Immersive Reality: Why to Invest in it Now
Described as the ‘most disruptive development in technology’, Immersive Reality (IR) is proving to be more than just a fad. Not only is this diverse and innovative technology here to stay, it is predicted to become a booming billion pound industry. But IR is not just for the intense gamer or the tech-enthusiast. Brands are beginning to integrate IR into their value proposition, customer experience and even their marketing communications. So why should your brand invest in IR now?
What are the types of IR?
There are three main types of immersive reality; Augmented Reality (AR), Virtual Reality (VR) and Mixed Reality (MR).
In technical terms, VR is a computer-generated simulation of a 3D image or environment that you interact with using a specialist VR headset. Virtual reality could be the thing we’ve all been waiting for – the ability to be immersed in a completely different environment distinct from our actual reality. Since the first prototype creation of the Oculus Rift in 2010, VR has become a hot topic for discussion in the tech industry. From new headsets such as the HTC Vive to Varjo’s human eye-resolution headset, this technology is constantly evolving.
AR adds digital elements to a live view, often used through smartphone cameras. Examples of AR experiences include the well known Snapchat lenses and the popular game Pokemon Go. Rather than replacing the real world with a simulated alternative, like VR, AR enhances the current space around the user and adjusts it for a deeper, 3D illusion. From small scale imagery, such as simple colour-changing signs or icons within a room, to an animated concert on top of your Haagen Daz ice cream tub, AR is rapidly evolving to serve more diverse purposes in tech.
MR experiences are where a user can see the real world (like AR), while also seeing believable, virtual objects (like VR). These virtual objects can then be anchored to a point in real space, thus simulating a ‘real’ perspective. This E3 Minecraft demo perfectly showcases MR and how it varies from AR and VR.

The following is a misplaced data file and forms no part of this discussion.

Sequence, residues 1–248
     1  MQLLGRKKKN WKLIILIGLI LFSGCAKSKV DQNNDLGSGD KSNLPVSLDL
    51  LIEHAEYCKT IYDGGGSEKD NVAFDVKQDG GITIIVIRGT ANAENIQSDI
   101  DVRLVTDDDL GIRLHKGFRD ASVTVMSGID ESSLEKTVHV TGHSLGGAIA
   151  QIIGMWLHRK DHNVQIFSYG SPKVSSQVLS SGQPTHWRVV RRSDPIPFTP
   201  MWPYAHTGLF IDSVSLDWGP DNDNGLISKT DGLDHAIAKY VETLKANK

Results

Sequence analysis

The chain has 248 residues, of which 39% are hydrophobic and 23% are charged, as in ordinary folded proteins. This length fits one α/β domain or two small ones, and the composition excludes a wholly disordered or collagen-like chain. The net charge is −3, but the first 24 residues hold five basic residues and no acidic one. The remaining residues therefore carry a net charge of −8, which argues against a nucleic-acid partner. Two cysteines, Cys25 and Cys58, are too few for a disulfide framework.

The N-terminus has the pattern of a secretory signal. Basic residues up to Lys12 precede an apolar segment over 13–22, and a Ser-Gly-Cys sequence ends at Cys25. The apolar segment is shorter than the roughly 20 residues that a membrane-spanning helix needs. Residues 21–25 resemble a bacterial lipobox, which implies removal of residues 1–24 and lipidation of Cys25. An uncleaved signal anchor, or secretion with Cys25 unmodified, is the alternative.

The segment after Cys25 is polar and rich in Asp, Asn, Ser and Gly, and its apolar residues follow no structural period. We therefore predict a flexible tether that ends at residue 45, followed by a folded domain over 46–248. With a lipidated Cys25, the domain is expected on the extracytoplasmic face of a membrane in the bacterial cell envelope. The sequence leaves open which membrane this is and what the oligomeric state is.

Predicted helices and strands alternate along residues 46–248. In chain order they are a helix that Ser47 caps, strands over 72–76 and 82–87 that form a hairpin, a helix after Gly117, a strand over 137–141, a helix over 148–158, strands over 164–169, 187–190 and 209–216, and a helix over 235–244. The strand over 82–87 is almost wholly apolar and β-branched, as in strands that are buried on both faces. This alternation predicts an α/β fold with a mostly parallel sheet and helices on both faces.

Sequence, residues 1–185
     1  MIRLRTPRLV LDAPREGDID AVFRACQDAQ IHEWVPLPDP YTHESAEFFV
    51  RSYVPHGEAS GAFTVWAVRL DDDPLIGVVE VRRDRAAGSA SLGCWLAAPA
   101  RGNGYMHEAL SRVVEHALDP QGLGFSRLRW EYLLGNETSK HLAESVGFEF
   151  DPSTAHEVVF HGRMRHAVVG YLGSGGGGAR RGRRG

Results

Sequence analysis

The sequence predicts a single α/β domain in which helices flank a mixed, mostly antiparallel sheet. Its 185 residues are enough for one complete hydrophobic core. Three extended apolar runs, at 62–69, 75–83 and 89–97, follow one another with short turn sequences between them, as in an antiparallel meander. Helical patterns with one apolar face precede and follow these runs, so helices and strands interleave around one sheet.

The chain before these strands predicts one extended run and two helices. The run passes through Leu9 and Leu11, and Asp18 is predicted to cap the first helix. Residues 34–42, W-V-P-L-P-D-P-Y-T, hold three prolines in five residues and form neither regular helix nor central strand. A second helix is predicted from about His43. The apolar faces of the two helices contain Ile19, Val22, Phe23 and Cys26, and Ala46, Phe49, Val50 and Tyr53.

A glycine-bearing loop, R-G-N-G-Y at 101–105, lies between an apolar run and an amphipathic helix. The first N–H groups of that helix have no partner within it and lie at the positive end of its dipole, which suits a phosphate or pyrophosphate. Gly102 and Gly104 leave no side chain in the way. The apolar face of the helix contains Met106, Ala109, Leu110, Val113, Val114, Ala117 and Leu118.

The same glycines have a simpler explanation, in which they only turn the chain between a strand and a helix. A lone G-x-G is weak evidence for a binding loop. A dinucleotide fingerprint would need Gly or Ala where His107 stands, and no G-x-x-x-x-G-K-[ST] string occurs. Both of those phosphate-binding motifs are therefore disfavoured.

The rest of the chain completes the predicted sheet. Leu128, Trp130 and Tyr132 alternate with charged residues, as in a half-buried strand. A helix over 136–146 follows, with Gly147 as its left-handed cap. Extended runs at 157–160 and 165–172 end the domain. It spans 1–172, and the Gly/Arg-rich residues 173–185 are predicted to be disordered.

Why should brands use IR (Immersive Reality)?
1. £, £, and more £
With an estimated 171 million VR users globally, now is the time to invest. While consumer spending is increasing, so is the market value, predicted to grow by 390 per cent in the next four years. To quote Mark Zuckerberg, “The future is coming, and we have to change and build it together… this kind of immersive AR will become a part of daily life for billions of people”. With the introduction of cheaper headsets and mobile integration, VR and AR are becoming more affordable for consumers to experience. Sparking an interest among modern consumers, an investment in IR not only creates a unique customer experience but enhances loyalty and engagement. Additionally, these IR experiences can be recorded and used in marketing material, called ‘embedded experiences’. Through these, brands can stand out among competitors and leverage their investment in IR.
2. It’s different and intriguing
From the first historic panoramic paintings to modern day VR headsets, immersive reality has always been present but has drastically evolved over time. It is a way to enhance the senses, creating an alternative, or layered reality. This new form of marketing approach for developing immersive consumer experiences has already been utilised by brands to demonstrate their sophisticated technologies and capabilities. The effectiveness of IR is demonstrated in the joint YuMe/Nielsen study, which found consumers engage for 34 per cent longer and have a 27 per cent higher emotional reaction to IR than 2D videos.
3. Rich Data
We record, analyse, breakdown and strategize over consumer data constantly. IR creates a wealth of rich data. No longer are we limited to measuring demographics and engagement, but instead, we can now monitor how consumers act, react and interact during an IR experience with a brand, service, product or simulated situation. This type of data can then be used to build audiences and create a more valuable experience for them.
4. Saves £ and time
One of the main uses for VR is prototyping. Everything can be simulated and tested, meaning initial ideas can be explored. The implication is that it creates a physical presence through the use of headsets. VR is no longer limited to just sight and sound, but can now include all five senses, introducing touch and smell and in the future, taste. Applying this, Marriott created a VR teleporter experience that enabled newly-weds to see, feel and even smell honeymoon destinations, all without the flights and expense! Likewise, Thomas Cook’s five-minute holiday experience increased New York excursion bookings by 190 per cent. It’s hard to argue with those figures!
5. Can be used in a variety of industries.
From Ikea to Zara, Mcdonalds to Mercedes, brands are introducing VR and AR into their marketing strategies. While the dominant use of VR is still within the gaming industry, there is a wide range of markets that this technology can benefit, such as property, retail, events, education, healthcare and many more! But IR isn’t just for big brands within these industries. IR through mobile devices is drastically cheaper to create, making it more affordable for smaller businesses. 90 per cent of headsets sold worldwide are mobile phone based, demonstrating the massive potential smaller brands have to tap into this market.
While IR might not be the top priority for marketing teams, we believe that utilizing these technologies now can benefit both companies and consumers alike. Overall, IR is an exciting technology that is becoming both affordable and beneficial to brands in a variety of industries.